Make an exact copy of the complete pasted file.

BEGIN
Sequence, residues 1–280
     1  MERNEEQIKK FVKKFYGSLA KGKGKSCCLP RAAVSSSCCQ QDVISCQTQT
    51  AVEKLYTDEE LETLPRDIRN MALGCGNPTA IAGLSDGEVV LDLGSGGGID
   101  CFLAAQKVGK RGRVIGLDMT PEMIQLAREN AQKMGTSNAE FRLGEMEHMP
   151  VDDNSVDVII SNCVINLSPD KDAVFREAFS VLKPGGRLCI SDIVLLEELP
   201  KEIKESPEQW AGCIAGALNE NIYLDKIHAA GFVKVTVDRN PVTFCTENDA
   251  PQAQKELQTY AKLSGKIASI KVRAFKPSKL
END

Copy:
Sequence, residues 1–280
     1  MERNEEQIKK FVKKFYGSLA KGKGKSCCLP RAAVSSSCCQ QDVISCQTQT
    51  AVEKLYTDEE LETLPRDIRN MALGCGNPTA IAGLSDGEVV LDLGSGGGID
   101  CFLAAQKVGK RGRVIGLDMT PEMIQLAREN AQKMGTSNAE FRLGEMEHMP
   151  VDDNSVDVII SNCVINLSPD KDAVFREAFS VLKPGGRLCI SDIVLLEELP
   201  KEIKESPEQW AGCIAGALNE NIYLDKIHAA GFVKVTVDRN PVTFCTENDA
   251  PQAQKELQTY AKLSGKIASI KVRAFKPSKL